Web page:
Having built up their reputation on the live scene in recent years,  PABH have emerged in 2012 as the real deal, with ace new album "Tough Love" earning plaudits and - perhaps a little tenuously - comparisons to Queens Of The Stone Age.  While it is perhaps a little too early to lump them in with Josh Homme's sludge rock titans, there are moments tonight (on "Wolf Hand" and "V.E.N.O.M" in particular) when the Leeds quartet suggest that they have spent more than a few nights in (or journeys in a transit van) being inspired by "Songs For The Deaf". 

It is for the most part thrilling stuff, tight melodies and gargantuan riffs bouncing off the Waterfront's low ceiling, from whose beams the band intermittently dangle.  Brilliantly, between song exchanges with the crowd do not stray far from the "we've got massive hangovers, we have" variety, but if on occasion the band can come across as a little cartoonish, it is clear that they are deadly serious about their art.  And if on record the cut glass fed through a blender vocals can become a little wearying (a Cobain-esque shriek can be an exhilarating thing, but Kurt's voice was so much more than just a scream) on stage it makes much more sense, and an encore of Nirvana's "Tourette's" makes for an inspired choice of cover, especially for we acolytes at the back.

In short, if you had PABH written off and filed in the "slightly novelty" drawer, think again.  On tonight's evidence, things could be about to get very interesting indeed.


The NME Awards Ceremony

Funny how time flies. Nearly twenty years ago, the NME awards were seen as an antidote to the corporate schmoozathon that was the Brits. A chance for those languishing in the leagues of indie to be recognised for their endeavours, quaff a few light ales and let their hair down without fear of being featured wide-eyed and legless on the front of the Daily Mail the following morning. Petulantly named The Brats, this was a chance for the NME and their readership to give the middle finger (hence the statuette) to the Man and his roster of bland and uninspiring unit shifters. Fast forward to 2012, and the nominees for this year’s Brit and NME awards are more or less interchangeable. Florence and the Machine, Adele, Foo Fighters, Noel Gallagher, PJ Harvey, Arctic Monkeys, The Vaccines, Lana Del Ray, Laura Marling and Kasabian all received nominations at the two award ceremonies this year. And while it’s reassuring that One Direction, Olly Murs, Ed Sheeran and Bruno Mars were ‘overlooked’ by the NME, it is a little disappointing that the petulant child of the annual award ceremony season is seemingly growing up and taking responsibility for its actions.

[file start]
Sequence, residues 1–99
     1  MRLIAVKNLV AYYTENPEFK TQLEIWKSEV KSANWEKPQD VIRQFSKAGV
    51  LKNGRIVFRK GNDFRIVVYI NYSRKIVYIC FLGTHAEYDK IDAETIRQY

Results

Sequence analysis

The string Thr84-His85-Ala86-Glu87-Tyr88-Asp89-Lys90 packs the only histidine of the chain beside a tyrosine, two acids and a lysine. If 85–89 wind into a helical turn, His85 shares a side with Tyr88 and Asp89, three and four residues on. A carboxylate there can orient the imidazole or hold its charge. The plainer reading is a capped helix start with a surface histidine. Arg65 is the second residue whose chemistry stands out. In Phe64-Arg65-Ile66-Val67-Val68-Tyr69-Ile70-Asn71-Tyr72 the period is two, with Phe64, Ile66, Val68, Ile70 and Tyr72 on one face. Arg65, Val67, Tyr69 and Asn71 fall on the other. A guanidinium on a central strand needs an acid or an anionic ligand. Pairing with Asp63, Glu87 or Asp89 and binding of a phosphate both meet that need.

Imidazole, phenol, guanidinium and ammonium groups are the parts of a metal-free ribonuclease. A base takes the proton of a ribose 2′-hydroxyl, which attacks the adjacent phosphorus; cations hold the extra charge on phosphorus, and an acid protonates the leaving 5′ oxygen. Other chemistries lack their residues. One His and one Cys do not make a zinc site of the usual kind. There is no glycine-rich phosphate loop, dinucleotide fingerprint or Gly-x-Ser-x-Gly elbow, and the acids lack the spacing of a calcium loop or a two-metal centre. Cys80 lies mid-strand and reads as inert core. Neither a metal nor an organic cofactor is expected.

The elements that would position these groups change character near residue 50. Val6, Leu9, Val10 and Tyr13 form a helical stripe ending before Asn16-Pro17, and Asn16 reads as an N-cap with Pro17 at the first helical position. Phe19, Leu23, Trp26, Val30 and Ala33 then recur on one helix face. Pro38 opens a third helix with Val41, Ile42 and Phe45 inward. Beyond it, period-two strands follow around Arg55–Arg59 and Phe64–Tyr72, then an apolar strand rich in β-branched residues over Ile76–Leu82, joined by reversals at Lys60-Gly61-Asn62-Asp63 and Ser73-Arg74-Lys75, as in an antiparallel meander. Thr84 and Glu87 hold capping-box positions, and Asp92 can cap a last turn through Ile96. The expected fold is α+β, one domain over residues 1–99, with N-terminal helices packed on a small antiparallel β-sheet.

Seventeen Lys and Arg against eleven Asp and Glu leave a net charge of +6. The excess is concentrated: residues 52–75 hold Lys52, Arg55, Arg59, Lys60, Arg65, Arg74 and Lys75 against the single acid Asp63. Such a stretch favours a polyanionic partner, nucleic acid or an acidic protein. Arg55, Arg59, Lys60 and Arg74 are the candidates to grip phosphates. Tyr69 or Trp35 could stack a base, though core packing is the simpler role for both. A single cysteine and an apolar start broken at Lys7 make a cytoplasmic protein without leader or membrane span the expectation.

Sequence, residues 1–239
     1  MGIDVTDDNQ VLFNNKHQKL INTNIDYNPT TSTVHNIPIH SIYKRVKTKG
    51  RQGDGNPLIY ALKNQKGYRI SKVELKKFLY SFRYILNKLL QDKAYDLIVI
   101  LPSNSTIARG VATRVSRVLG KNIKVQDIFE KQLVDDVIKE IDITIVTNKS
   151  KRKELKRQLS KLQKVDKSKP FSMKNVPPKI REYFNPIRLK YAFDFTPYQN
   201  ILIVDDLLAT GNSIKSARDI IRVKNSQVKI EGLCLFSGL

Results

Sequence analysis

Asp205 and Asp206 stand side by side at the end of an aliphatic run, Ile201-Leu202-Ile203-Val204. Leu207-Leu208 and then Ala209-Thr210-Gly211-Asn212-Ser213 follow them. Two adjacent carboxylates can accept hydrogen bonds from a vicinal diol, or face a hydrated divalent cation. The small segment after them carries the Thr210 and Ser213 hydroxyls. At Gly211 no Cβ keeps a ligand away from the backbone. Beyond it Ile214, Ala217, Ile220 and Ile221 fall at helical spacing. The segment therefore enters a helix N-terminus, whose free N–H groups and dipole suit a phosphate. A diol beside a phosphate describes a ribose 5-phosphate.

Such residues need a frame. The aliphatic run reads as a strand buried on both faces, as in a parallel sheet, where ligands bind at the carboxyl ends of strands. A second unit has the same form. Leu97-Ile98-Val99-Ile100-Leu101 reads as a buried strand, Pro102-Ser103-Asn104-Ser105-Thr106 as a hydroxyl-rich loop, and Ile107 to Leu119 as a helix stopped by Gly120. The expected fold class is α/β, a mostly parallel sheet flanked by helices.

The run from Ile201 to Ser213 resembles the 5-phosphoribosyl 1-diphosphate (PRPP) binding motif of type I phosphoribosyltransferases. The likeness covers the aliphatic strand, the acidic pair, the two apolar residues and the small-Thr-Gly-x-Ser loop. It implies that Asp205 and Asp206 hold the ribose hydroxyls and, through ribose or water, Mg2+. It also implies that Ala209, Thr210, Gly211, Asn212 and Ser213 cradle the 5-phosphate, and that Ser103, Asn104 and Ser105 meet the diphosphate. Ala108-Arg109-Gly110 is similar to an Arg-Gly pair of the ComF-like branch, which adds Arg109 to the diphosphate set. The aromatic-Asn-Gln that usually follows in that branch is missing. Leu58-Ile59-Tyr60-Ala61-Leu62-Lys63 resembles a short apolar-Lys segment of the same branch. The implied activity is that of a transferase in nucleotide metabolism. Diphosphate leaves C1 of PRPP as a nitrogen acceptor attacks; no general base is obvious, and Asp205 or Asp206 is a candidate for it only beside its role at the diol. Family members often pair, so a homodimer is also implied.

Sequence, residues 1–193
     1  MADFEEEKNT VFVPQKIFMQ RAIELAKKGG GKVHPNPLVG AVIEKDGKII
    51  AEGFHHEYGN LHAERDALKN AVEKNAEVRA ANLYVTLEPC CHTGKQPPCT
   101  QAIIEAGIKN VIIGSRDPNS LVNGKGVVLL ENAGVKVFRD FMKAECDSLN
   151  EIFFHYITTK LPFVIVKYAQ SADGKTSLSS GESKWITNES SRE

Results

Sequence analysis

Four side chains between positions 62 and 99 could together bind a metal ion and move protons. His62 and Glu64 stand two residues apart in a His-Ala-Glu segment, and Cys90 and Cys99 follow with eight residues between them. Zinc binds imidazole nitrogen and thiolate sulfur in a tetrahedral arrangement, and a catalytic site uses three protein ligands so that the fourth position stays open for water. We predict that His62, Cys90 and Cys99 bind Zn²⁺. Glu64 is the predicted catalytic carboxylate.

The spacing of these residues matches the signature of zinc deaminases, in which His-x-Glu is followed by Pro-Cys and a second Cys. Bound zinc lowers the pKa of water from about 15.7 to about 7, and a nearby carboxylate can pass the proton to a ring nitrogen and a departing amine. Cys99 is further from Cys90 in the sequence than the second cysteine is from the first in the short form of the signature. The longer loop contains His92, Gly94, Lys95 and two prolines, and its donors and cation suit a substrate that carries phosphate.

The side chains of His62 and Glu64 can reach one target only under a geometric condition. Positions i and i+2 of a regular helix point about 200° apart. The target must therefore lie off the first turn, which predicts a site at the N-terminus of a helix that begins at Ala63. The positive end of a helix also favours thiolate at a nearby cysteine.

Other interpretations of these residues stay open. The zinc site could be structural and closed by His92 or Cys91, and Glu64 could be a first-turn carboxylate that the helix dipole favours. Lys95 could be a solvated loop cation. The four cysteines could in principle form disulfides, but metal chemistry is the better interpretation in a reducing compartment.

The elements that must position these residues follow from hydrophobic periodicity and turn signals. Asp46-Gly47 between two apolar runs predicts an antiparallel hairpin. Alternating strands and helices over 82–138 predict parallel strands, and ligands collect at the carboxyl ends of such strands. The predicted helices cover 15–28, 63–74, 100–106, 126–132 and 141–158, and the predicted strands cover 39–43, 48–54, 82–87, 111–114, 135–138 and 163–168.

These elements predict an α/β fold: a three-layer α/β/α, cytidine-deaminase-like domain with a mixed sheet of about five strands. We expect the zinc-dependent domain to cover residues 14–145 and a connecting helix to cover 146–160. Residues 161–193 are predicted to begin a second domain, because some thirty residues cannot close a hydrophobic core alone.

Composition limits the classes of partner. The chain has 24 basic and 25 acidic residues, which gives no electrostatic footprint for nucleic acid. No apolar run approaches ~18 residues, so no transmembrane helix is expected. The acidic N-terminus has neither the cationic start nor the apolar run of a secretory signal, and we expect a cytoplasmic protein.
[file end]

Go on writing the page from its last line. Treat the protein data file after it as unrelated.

However, this is not to say that this year’s ceremony did not have its highlights (and occasional fist in the mouth moments). Presented by Jack Whitehall (who we have warmed to since his star turn in last year’s Fresh Meat), the ceremony got off to a shaky start as Kasabian - channelling the spirit of nineties rock/rap outfit, Senser – opened the show with a bit of workaday lad rock.  This, and the band’s ostentatious reaction to winning the Best British Group award and subsequent karaoke tribute to the late Davy Jones left us wondering if we are actually all being taken in as part of an elaborate Spinal Tap style wind-up that will reveal Kasabian to be a social experiment designed to measure how gullible the British public actually are. On the plus side, live performances by The Horrors - with Florence Welch (The Florrors?) -  and Pulp stole the show, with Jarvis still looking as sprightly as he did during his Brit-pop heyday. 

The ceremony closed by awarding the God-Like Genius award to this year’s recipient, Noel Gallagher. The very mention of Noel (and Jarvis) - two behemoths of the Britpop age - also served to remind us, that despite the mid-90s period in British music ultimately turning out to be merely a few great records, it did churn out a number of pop stars who all had plenty to say, and were not afraid to say it.  Let’s be honest, as great as recent records by The Horrors and The Maccabees are, you’re not gonna set the video any time soon to see them being 'grilled' by Jonathan Ross are you?  You may argue it’s all about the music, but Christ on a bike, pop stars are fucking dull these days aren’t they?  Not an interesting, opinionated, controversial statement between them.  You can say what you like about Liam n Noel’s musical output in recent years, but when either of them open their mouths to speak, you just know that what comes out is still gonna make for good copy.  There’s no wonder the Chief’s been on the front cover of NME more than any other musician in the history of the world ever.  He certainly belongs there more than Tom “there’s always been a strong Monkees element to our sound” Meighan and his dreary ilk.